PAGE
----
And I know Arthur is a good coach and I know good coaches do what their players do well. You can except that a little bit more there just because of the years that Matt has played.

I think that’s a great question.

Q. Are you at the point with Jalen Hurts yet or is Jalen at the point with the offense yet where you know the plays and concepts he might prefer, or is that more trial and error? (Zach Berman)

NICK SIRIANNI: I think we’re pretty close there. It’s never perfect because you’re always going to have some game plan plays you haven’t done a ton of. That’s why I meet with them all week. Listen, if I like something and [Eagles offensive coordinator] Shane [Steichen] likes something and Brian likes something and we love it and he hates it, we ain’t going to run it.

So yes, we’re to that point, but it’s an ongoing thing, because sometimes you don’t like something against a certain defense or whatever it is. That’s an ongoing conversation, ongoing thing, but I think we’re there. We’re pretty close.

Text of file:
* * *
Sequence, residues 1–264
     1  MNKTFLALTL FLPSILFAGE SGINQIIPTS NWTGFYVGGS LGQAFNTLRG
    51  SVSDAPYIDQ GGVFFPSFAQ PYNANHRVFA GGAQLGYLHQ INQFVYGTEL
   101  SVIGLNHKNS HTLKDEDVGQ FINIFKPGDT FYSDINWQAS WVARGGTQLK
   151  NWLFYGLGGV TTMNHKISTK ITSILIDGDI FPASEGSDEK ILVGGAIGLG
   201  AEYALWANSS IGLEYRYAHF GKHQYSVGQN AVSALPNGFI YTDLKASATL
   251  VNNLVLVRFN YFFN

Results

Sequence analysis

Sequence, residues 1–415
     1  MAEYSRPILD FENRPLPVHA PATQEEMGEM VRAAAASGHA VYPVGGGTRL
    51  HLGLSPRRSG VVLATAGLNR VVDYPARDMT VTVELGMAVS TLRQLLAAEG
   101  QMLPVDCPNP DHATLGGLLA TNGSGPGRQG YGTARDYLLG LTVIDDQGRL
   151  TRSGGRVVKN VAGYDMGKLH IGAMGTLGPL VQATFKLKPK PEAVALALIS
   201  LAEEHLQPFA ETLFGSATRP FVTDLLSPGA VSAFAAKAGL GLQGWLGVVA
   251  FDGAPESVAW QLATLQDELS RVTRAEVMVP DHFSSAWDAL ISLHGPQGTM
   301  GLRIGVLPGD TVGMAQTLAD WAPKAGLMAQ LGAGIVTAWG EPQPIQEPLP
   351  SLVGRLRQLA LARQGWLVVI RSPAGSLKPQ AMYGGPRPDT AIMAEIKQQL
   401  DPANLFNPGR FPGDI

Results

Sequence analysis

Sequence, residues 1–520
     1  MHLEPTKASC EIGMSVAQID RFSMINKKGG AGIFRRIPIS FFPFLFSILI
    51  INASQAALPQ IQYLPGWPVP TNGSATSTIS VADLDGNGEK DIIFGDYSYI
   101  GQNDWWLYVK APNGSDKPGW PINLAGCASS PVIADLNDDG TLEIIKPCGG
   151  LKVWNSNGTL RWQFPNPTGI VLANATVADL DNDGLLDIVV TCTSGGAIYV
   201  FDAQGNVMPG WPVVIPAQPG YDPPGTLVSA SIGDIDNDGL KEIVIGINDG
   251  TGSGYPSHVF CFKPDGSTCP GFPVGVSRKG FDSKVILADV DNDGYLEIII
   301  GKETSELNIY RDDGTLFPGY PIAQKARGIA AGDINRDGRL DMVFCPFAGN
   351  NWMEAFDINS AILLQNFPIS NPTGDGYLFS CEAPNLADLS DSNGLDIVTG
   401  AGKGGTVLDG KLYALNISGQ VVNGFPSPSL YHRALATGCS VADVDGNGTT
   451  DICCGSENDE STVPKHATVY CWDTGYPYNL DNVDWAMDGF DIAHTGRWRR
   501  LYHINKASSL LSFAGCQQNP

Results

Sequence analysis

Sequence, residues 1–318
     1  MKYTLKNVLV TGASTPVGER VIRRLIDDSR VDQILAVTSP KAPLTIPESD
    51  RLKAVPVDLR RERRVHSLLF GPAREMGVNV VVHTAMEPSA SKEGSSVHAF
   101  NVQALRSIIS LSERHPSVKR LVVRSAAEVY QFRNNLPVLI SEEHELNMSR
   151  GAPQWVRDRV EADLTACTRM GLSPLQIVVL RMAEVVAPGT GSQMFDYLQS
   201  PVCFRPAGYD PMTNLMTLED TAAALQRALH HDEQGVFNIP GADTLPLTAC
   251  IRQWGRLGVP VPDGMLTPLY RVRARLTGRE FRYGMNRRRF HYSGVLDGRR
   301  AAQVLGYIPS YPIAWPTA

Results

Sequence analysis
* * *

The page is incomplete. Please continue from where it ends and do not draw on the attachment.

Q. How did you do with COVID testing with so many players of coming back from being all over the country? (Jeff McLane)

NICK SIRIANNI: Yeah, right now we’re good, in a good spot.

Q. How much of a challenge is it for first game with Jalen Hurts facing a Falcons defensive coordinator Dean Pees defense with the multiple defensive looks on the front, but different coverages in the back end? (John Clark)

NICK SIRIANNI: Yeah, you know, again, it’s studying that tape. Dean, Coach Pees, always has challenges that he presents you. We’re studying the heck out of the tape.

You know, again, we’re getting prepared with the plays that we have and against the defenses, but yeah, a guy like Dean Pees who has had a ton of success in this league always presents challenges. We’re going to have to be ready for him, Jalen is going to have to be ready for him, the entire team is going to have to be ready for him.

Q. TE Dallas Goedert talked to us earlier this week about his contract and he thought he would have one by now. The expectation for him I guess would be to be the No. 1 tight end. Are you concerned at all? How has he handled the adjustment to his role? (Ed Kracz)

NICK SIRIANNI: I’m not going to discuss the contract obviously or any player’s contract, my contract, any player’s contract.